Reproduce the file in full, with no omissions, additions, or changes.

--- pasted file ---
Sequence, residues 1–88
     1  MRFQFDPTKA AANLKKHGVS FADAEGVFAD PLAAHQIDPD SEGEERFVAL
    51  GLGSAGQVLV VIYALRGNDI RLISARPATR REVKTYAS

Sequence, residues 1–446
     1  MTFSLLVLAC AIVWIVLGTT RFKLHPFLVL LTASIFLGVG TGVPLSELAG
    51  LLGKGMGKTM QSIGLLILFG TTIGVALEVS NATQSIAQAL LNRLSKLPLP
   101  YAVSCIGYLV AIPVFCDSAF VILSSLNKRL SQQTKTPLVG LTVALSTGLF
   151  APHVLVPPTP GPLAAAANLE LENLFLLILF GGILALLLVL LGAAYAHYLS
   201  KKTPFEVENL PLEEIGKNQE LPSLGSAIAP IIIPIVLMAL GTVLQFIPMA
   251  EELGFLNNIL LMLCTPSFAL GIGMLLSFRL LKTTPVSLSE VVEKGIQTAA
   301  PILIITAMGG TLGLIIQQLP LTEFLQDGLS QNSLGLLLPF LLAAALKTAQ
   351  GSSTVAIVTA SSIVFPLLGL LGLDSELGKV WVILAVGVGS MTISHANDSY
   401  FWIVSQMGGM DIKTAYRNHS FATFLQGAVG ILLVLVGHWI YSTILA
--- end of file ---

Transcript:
Sequence, residues 1–88
     1  MRFQFDPTKA AANLKKHGVS FADAEGVFAD PLAAHQIDPD SEGEERFVAL
    51  GLGSAGQVLV VIYALRGNDI RLISARPATR REVKTYAS

Sequence, residues 1–446
     1  MTFSLLVLAC AIVWIVLGTT RFKLHPFLVL LTASIFLGVG TGVPLSELAG
    51  LLGKGMGKTM QSIGLLILFG TTIGVALEVS NATQSIAQAL LNRLSKLPLP
   101  YAVSCIGYLV AIPVFCDSAF VILSSLNKRL SQQTKTPLVG LTVALSTGLF
   151  APHVLVPPTP GPLAAAANLE LENLFLLILF GGILALLLVL LGAAYAHYLS
   201  KKTPFEVENL PLEEIGKNQE LPSLGSAIAP IIIPIVLMAL GTVLQFIPMA
   251  EELGFLNNIL LMLCTPSFAL GIGMLLSFRL LKTTPVSLSE VVEKGIQTAA
   301  PILIITAMGG TLGLIIQQLP LTEFLQDGLS QNSLGLLLPF LLAAALKTAQ
   351  GSSTVAIVTA SSIVFPLLGL LGLDSELGKV WVILAVGVGS MTISHANDSY
   401  FWIVSQMGGM DIKTAYRNHS FATFLQGAVG ILLVLVGHWI YSTILA